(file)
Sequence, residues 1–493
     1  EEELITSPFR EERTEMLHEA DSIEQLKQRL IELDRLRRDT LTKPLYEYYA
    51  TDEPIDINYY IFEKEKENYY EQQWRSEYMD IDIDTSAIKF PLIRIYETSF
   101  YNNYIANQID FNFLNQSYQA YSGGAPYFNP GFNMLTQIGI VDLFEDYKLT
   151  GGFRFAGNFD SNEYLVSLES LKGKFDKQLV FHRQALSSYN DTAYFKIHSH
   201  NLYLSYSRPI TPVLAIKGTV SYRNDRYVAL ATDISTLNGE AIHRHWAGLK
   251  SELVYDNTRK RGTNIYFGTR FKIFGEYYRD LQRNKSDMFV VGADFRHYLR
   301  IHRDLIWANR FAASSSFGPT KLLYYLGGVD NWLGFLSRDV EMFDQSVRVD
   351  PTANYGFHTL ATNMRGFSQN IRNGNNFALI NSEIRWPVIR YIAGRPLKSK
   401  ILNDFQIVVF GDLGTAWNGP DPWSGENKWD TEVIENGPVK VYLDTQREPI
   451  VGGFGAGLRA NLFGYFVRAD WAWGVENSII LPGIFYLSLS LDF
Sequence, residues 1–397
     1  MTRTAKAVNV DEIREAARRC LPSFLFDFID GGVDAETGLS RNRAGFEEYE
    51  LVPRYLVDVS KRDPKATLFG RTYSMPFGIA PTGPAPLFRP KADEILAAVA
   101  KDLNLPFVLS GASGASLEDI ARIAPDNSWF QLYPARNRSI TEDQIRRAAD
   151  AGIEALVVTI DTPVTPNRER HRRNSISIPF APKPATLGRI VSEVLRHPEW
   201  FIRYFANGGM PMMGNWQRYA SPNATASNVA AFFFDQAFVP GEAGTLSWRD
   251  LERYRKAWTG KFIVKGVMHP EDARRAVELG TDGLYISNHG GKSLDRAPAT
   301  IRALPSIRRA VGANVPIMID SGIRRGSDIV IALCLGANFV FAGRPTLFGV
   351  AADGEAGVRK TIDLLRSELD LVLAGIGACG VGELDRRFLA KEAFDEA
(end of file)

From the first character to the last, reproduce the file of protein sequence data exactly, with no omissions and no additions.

Sequence, residues 1–493
     1  EEELITSPFR EERTEMLHEA DSIEQLKQRL IELDRLRRDT LTKPLYEYYA
    51  TDEPIDINYY IFEKEKENYY EQQWRSEYMD IDIDTSAIKF PLIRIYETSF
   101  YNNYIANQID FNFLNQSYQA YSGGAPYFNP GFNMLTQIGI VDLFEDYKLT
   151  GGFRFAGNFD SNEYLVSLES LKGKFDKQLV FHRQALSSYN DTAYFKIHSH
   201  NLYLSYSRPI TPVLAIKGTV SYRNDRYVAL ATDISTLNGE AIHRHWAGLK
   251  SELVYDNTRK RGTNIYFGTR FKIFGEYYRD LQRNKSDMFV VGADFRHYLR
   301  IHRDLIWANR FAASSSFGPT KLLYYLGGVD NWLGFLSRDV EMFDQSVRVD
   351  PTANYGFHTL ATNMRGFSQN IRNGNNFALI NSEIRWPVIR YIAGRPLKSK
   401  ILNDFQIVVF GDLGTAWNGP DPWSGENKWD TEVIENGPVK VYLDTQREPI
   451  VGGFGAGLRA NLFGYFVRAD WAWGVENSII LPGIFYLSLS LDF
Sequence, residues 1–397
     1  MTRTAKAVNV DEIREAARRC LPSFLFDFID GGVDAETGLS RNRAGFEEYE
    51  LVPRYLVDVS KRDPKATLFG RTYSMPFGIA PTGPAPLFRP KADEILAAVA
   101  KDLNLPFVLS GASGASLEDI ARIAPDNSWF QLYPARNRSI TEDQIRRAAD
   151  AGIEALVVTI DTPVTPNRER HRRNSISIPF APKPATLGRI VSEVLRHPEW
   201  FIRYFANGGM PMMGNWQRYA SPNATASNVA AFFFDQAFVP GEAGTLSWRD
   251  LERYRKAWTG KFIVKGVMHP EDARRAVELG TDGLYISNHG GKSLDRAPAT
   301  IRALPSIRRA VGANVPIMID SGIRRGSDIV IALCLGANFV FAGRPTLFGV
   351  AADGEAGVRK TIDLLRSELD LVLAGIGACG VGELDRRFLA KEAFDEA